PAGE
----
The intermediate conductive patterns 310 may be formed of, e.g., one or more of a metal nitride and a silicide. The metal nitride may be, e.g., titanium nitride, tantalum nitride, tungsten nitride, etc. The silicide may be, e.g., tungsten silicide, cobalt silicide, etc.

In another embodiment (not shown), respective lower conductive patterns may be disposed between the conductive patterns 115 and the substrate 100 (see, e.g., the lower conductive patterns 320 in FIG. 7). Like the intermediate conductive patterns 310, the lower conductive patterns may be formed of, e.g., one or more of a metal nitride and a silicide. The metal nitride may be, e.g., titanium nitride, tantalum nitride, tungsten nitride, etc. The silicide may be, e.g., tungsten silicide, cobalt silicide, etc.

Referring to FIG. 14, in an embodiment, a plurality of diodes may be disposed apart from one another on the first conductive patterns 115 (see, e.g., FIG. 9). A second lower ILD (omitted from FIG. 14) may be in contact with a top surface of the first conductive pattern 115 and may be disposed between adjacent diodes. Due to the separation of diodes, adjacent memory cells may operate independently, without causing electrical disturbance.

Referring to FIG. 15, in an embodiment, a plurality of diodes may be formed using one second semiconductor pattern 127 and a plurality of epitaxial patterns 158, each extending from the second semiconductor pattern 127. The second semiconductor pattern 127 and the plurality of epitaxial patterns 158 may have different conductivity types to form diodes. Each of the epitaxial patterns 158 may be electrically connected to a respective memory structure. An ILD pattern (omitted from FIG. 15) may be provided between the epitaxial patterns 158 to electrically insulate the epitaxial patterns 158 from one another. Thus, the diodes may be electrically isolated from one another, as with the embodiment described with reference to FIG. 14. Thus, the memory cells may operate without causing electrical disturbance.

In an embodiment of the present invention, a semiconductor layer spaced apart from a substrate may be converted to a single-crystalline structure using the substrate as a seed layer. Thus, in an embodiment of the present invention, a single-crystalline semiconductor layer may be formed on a metal interconnection line and used for fabrication of a semiconductor device, e.g., a transistor, a diode, etc., having desirable electrical characteristics. Accordingly, the transistor, diode, etc. may be arranged vertically with respect to complementary structures. In contrast, in conventional devices the transistor, diode, etc. would be disposed at the same level as the interconnection line.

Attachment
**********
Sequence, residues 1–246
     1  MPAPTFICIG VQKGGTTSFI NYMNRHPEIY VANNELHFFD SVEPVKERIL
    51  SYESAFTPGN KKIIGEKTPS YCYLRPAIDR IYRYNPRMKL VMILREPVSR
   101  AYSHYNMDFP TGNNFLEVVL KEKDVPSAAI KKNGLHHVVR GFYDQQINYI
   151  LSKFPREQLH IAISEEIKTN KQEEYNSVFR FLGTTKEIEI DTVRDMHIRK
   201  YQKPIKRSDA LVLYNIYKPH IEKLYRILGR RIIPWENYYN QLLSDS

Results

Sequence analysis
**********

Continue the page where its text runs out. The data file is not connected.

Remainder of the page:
In addition, in an embodiment of the present invention, an area of a unit cell may be minimized. Accordingly, an embodiment of the present invention may enable the formation of a phase-change memory having a small unit-cell area.

In an embodiment of the present invention, a memory structure and a semiconductor device for selective access to the memory structure may be vertically stacked on a metal interconnection line. As a result, the area of a unit cell may be minimized to about 3 to 4 F2. Thus, embodiments of the present invention may be implemented to increase an integration density of a phase-change memory, providing a highly integrated nonvolatile memory that is capable of fast read/write operations, needs no refresh operation, and operates at a low voltage.

Exemplary embodiments of the present invention have been disclosed herein, and although specific terms are employed, they are used and are to be interpreted in a generic and descriptive sense only and not for purpose of limitation. Thus, while particular examples have been described wherein semiconductor patterns formed according to embodiments of the present invention are used to form diodes and transistors in a phase-change memory, embodiments of the present invention are not limited thereto. For example, single-crystalline semiconductor patterns according to the present invention may be used for devices other than diodes and transistors, and for devices other than a phase-change memory. Accordingly, it will be understood by those of ordinary skill in the art that various changes in form and details may be made without departing from the spirit and scope of the present invention as set forth in the following claims.

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US8530311 *May 15, 2012Sep 10, 2013Elpida Memory, Inc.Method of manufacturing semiconductor device
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Classifications
U.S. Classification438/478, 257/E21.418, 438/482, 257/E21.415
International ClassificationH01L21/20
Cooperative ClassificationH01L27/24
European ClassificationH01L27/24